Get ready to spend twice as much. The Organisation for Economic Cooperation and Development is predicting that Australia expenditure on long-term care (LTC) for the elderly as a share of GDP is expected to at least double, and could even triple, by 2050.

The demand for LTC workers as a share of the working population is set to increase by 140%, over the same period.

The predictions are contained in a just released report entitled Help Wanted? Providing and Paying for LongTerm Care.

In a section devoted to Australia, the OECD says:

Carers in Australia are 30% more likely to hold a temporary job and have nearly three years shorter working career than non-carers. Measures such as flexible working time can help work-care reconciliation. As in the case of the United Kingdom, the use of flexible working time is found to increase carers’ working hours in Australia. On the other hand, cash benefits to the carer can raise policy trade-offs. While Australia is one of the few countries with a carer allowance, means-tested allowances generate incentives for carers to reduce hours of work (as in the United Kingdom). Low-skilled women are especially at risk.

  • Working-age carers are at a higher risk of poverty. Caregiving is associated with a higher probability of experiencing poverty in Australia as in most other OECD countries, except in southern Europe. Women carer appear to be especially vulnerable to poverty risks.
  • Australia, the United Kingdom and Canada are among the few countries with immigration programmes that can apply to long-term care workers. Good initiatives to attract and retain care workers should be continued, such as measures related to skill upgrading, public funding streams for care workers interested in further qualifying into a nursing profession, and efforts to re-recruit workers that left the LTC sector.
  • Avoiding inappropriate use of acute health care services for LTC needs helps foster cost-efficiency. Some OECD countries have implemented policies in this direction. Like Hungary, Israel, the United Kingdom and Sweden, Australia arranges support of care outside the hospital. The average length of stay for acute care in hospitals for conditions linked to dementia nearly halved between in the past 15 years.
  • With rising future expenditure for long-term care, it is unthinkable for governments to shoulder all cost linked to care for frail elderly, especially those related to board and lodging in LTC institutions. However, there is a potential role for the Australia government to facilitate the mobilisation of non-financial assets – such as a residence – towards some of the private costs associated with LTC.
  • The experience of some OECD countries can be relevant to Australia. The New Zealand government providers interest-free residential care loans to assist those ineligible to a residential care subsidy. Under the 2009 Irish Fair Deal Scheme, residents in an institution are required to contribute towards cost, based on their income and assets of the resident, but the private contribution can be deferred until after the death of the resident, providing flexibility about not having to sell the resident’s assets during the lifetime.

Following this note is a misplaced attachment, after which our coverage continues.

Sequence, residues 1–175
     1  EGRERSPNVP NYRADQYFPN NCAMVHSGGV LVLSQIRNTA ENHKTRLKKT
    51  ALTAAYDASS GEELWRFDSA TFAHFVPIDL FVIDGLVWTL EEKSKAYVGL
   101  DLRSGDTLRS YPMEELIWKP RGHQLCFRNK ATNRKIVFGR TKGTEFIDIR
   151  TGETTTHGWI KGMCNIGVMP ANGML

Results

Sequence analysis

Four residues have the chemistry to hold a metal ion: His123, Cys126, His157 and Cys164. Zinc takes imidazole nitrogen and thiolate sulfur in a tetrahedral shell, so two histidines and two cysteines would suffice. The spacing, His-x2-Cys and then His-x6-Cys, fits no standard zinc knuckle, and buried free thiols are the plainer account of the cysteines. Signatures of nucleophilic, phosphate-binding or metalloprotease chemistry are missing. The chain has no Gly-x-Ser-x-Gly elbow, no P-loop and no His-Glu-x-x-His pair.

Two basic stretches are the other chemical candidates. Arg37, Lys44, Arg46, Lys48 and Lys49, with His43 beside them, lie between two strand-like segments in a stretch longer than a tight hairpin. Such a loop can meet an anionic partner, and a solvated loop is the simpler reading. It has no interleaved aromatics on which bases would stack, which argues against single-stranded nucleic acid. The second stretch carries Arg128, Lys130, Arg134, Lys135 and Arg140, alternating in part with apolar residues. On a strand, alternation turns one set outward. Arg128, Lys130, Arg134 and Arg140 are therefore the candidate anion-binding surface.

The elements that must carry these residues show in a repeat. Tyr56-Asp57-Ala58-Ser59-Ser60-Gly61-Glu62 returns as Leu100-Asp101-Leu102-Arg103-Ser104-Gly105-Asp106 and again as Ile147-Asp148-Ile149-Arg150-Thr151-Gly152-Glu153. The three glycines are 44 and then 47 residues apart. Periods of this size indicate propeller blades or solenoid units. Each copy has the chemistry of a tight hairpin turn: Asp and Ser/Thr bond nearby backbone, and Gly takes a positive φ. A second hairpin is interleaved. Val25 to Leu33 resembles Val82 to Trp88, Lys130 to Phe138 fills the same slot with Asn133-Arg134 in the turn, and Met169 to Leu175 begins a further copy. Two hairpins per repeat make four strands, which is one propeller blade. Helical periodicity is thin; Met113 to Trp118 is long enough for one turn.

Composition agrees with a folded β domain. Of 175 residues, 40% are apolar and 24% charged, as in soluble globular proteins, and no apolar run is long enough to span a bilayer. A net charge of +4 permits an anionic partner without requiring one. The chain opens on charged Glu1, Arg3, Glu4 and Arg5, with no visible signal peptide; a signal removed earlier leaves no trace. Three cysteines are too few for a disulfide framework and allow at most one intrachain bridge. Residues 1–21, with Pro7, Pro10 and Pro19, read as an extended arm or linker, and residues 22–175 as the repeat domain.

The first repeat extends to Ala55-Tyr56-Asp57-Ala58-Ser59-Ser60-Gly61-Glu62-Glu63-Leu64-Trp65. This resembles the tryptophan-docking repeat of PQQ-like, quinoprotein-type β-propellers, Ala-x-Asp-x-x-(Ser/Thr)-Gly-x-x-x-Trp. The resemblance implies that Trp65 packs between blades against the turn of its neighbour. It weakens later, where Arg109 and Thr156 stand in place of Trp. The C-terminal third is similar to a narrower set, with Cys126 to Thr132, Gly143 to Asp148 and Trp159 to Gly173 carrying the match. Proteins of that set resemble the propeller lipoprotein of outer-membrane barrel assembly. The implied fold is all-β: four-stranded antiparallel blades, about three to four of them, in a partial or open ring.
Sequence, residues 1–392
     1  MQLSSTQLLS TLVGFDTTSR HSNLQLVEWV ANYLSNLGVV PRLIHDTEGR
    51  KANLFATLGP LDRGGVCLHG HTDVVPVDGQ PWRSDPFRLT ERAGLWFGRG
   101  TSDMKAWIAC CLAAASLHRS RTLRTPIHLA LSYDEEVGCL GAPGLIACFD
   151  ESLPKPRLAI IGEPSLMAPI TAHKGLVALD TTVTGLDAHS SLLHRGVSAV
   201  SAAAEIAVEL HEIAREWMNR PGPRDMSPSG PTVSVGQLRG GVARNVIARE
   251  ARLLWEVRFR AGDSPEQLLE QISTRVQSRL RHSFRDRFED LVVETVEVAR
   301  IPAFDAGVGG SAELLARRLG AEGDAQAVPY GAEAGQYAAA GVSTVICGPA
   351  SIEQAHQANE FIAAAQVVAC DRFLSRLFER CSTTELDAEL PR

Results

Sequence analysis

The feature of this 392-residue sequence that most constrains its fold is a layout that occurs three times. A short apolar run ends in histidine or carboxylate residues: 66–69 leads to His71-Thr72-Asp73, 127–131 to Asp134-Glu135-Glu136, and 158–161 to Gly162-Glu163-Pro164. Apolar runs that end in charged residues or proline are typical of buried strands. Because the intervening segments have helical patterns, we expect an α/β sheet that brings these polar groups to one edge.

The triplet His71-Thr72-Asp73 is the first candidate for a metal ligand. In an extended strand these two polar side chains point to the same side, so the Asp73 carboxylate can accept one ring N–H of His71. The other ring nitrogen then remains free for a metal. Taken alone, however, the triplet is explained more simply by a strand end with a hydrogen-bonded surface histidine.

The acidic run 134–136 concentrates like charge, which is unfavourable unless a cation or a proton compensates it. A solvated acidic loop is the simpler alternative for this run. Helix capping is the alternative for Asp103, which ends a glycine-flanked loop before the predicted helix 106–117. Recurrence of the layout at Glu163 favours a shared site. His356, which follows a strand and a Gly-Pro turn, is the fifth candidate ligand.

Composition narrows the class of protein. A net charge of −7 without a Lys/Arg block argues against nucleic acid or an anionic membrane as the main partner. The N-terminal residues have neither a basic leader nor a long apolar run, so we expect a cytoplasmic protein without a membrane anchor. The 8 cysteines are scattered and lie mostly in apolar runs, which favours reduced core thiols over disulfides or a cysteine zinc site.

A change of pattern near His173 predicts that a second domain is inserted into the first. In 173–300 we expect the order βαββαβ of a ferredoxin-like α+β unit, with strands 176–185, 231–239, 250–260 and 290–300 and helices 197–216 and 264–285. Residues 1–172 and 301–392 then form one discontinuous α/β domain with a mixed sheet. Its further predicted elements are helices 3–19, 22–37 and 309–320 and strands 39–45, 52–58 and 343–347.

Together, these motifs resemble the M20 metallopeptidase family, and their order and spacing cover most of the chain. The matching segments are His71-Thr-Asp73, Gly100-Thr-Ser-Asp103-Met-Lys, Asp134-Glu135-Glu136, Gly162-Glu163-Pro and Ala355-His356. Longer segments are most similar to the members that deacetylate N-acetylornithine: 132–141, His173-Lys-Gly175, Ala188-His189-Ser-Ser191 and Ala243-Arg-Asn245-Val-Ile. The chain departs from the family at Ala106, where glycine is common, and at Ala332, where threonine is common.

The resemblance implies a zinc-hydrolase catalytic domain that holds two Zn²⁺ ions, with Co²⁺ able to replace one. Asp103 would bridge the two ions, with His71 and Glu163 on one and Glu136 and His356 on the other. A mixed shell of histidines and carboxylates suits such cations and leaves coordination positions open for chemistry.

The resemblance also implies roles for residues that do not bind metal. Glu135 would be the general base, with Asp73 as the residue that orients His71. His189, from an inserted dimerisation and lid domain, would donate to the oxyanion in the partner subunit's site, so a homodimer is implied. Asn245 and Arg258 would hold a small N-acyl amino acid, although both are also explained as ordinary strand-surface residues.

Further details of the OECD study are on Crikey’s The Stump website.

Sweating on Papua New Guinea. Immigration Minister Chris Bowen should be hoping that Papua New Guinea comes to the party and takes recent boat people arrivals because Malaysia does not appear to be interested in doing so.

A report in this morning’s Malaysian Star newspaper reports Mr Bowen’s counterpart, home affairs minister, Datuk Seri Hishammuddin Hussein, as saying Malaysia will only accept asylum seekers who arrive in Australia after an agreement is finalised.

It is hard to disagree with Opposition immigration spokesman Scott Morrison that the Government “hasn’t got an agreement with any country, including Malaysia” and that “as a result we are in some sort of policy twilight zone.”

Shock! Horror! Indonesian jails the same as ours! There are exclusives and then there are stories by Greg Sheridan. This morning comes the so-called news that Indonesian prison guards often corruptly allow in mobile phones and other contraband.

Some of these contraband goods, like rice, cooking oil and sugar, heaven forbid, are even sold by some prisoners to fellow prisoners! And then there are terrorist inmates who have the hide to practice their religion and run the Koranic study sessions and they even preach to their fellow inmates.

What an inditement of the Indonesian prison system.

Taking some of the pressure off. Another little sign this morning that Australia’s economic growth rate might be slower than the consensus view of the forecasters. Japan, still a major export market even if now ranking below China, is technically in recession with the recovery still hampered by the aftermath of earthquake and tsunami.

Japanese Cabinet Office data released this morning showed gross domestic product fell 0.9 percent in the first quarter, much more than a median market forecast for a 0.5 percent contraction.

It was the second straight quarter of contraction with Reuters reporting analysts projecting the economy to shrink again in April-June as supply constraints triggered by the March catastrophe continue to weigh on output and exports.

Peter Fray

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